benefits for instructors and students alike are a deepened appreciation
for the origins and nature of modern mathematics, as well as the lively
and stimulating class discussions engendered by the interpretation of original
sources. As part of their assignment students complete a research project
on a topic of their choice, with the only constraint that it be part mathematical
and part historical. Other assignments focus for the most part on mathematical
points in the sources and related topics.
The Greek method of exhaustion for computing areas and volumes, pioneered
by Eudoxus, reached its pinnacle in the work of Archimedes during the third
century BC. A beautiful illustration of this method is Archimedes's determination
of the area inside a spiral. 
An important ingredient is his summation of the squares of the terms in
certain arithmetic progressions. As in all of Greek mathematics, even this
computation is phrased in the language of geometry. Further advance toward
the definite integral did not come until the Renaissance.
The search for algorithms to solve algebraic equations has long been important
in mathematics. After Babylonian and ancient Greek mathematicians systematically
solved quadratic equations, progress passed to the medieval Arab world.
The work of Arab mathematicians began to close the gap between the numerical
algebra of the Indians and the geometrical algebra of the Greeks. Notable
is Omar Khayyam's Algebra of the late 11th or early 12th century.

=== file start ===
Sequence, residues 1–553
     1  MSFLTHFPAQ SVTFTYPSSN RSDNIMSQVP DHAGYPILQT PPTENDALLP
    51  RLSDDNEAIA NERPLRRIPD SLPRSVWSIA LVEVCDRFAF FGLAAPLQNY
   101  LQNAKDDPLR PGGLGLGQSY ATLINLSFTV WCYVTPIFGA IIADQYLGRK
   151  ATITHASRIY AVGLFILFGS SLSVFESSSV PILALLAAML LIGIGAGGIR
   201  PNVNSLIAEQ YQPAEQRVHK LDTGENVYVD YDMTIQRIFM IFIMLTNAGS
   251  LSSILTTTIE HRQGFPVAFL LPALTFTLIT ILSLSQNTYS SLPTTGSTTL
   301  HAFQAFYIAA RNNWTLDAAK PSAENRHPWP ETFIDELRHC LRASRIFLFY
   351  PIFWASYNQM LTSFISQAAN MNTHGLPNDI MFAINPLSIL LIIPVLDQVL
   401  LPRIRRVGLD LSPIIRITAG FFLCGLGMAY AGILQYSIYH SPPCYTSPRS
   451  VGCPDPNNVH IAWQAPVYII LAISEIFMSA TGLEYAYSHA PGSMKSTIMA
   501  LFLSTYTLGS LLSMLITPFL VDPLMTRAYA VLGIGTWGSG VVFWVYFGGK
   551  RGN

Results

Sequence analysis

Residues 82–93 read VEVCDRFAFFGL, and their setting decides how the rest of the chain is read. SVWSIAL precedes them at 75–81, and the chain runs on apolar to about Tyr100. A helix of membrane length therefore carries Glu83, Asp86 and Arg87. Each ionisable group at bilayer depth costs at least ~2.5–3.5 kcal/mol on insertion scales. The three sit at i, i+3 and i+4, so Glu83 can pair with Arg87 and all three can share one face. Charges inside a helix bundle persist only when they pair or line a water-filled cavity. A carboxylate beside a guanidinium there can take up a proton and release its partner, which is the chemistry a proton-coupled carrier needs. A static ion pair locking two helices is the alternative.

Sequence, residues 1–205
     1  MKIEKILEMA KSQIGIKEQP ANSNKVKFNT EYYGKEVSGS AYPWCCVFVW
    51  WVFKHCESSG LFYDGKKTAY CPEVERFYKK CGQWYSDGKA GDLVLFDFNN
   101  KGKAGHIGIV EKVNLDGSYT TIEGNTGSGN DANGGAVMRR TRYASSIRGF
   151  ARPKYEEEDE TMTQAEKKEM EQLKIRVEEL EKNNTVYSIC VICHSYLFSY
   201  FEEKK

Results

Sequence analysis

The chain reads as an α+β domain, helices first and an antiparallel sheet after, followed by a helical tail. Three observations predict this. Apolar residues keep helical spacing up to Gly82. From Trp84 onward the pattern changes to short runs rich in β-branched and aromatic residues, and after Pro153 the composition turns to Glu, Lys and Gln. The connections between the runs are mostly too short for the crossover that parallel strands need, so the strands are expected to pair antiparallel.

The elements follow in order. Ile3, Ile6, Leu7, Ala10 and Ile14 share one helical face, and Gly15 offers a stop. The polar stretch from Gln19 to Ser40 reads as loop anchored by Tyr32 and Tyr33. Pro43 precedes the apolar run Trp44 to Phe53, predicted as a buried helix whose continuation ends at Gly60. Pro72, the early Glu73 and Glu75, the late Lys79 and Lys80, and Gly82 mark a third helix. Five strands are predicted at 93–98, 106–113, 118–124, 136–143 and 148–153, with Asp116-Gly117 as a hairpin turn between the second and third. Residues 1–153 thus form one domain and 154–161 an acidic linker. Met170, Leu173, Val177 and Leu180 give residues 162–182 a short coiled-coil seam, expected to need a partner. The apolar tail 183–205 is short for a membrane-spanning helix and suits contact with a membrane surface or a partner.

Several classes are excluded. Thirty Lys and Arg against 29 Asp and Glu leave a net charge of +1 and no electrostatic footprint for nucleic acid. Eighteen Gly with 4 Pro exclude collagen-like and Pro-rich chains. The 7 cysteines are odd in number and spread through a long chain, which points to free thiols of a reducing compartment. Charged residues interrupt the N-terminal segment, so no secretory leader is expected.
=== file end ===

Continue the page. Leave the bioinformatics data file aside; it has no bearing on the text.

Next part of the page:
Here he undertakes the first systematic study of solutions to cubics and
writes: ``Whoever thinks algebra is a trick in obtaining unknowns has thought
it in vain. No attention should be paid to the fact that algebra and geometry
are different in appearance. Algebras are geometric facts which are proved.''
In addition to a general discussion of his view of algebra, an excellent
selection to read is his treatment of the cubic ,
which is solved geometrically via the intersection of a parabola and a
The next major advance toward solving algebraic equations did not come
until the sixteenth century with the work of Cardano and his contemporaries
in Europe. During that time, ancient Greek mathematics was rediscovered,
often via Islamic sources, and old problems were attacked with new methods
and symbols. The general arithmetic solution for equations of degree three
and four essentially awaited Cardano's seminal Ars Magna (1545),
in which Khayyam's equation
now receives a virtually algebraic treatment. 
It is instructive to compare the two texts. The final chapter in the search
for general solutions for the quintic or higher-degree equations was later
written by Niels Abel and Evariste Galois.
By the early seventeenth century the Greek method of exhaustion was being
transformed into Cavalieri's method of indivisibles, the precursor of Leibniz's
infinitesimals and of Newton's fluxions. One of the most astonishing results
of this period was the discovery that an infinite solid can have finite
volume. Torricelli, a pupil of Galileo, demonstrated by the method of indivisibles
that the solid obtained by revolving a portion of a hyperbola about its
axis has finite volume. 
Closed formulae for sums of powers of consecutive integers such as
were already of interest to Greek mathematicians. For instance, Archimedes
used them to determine areas, such as for the spiral above. After much
effort over the centuries, Fermat in the early seventeenth century first
recognized the existence of a general rule, and called this ``perhaps the
most beautiful problem of all arithmetic.''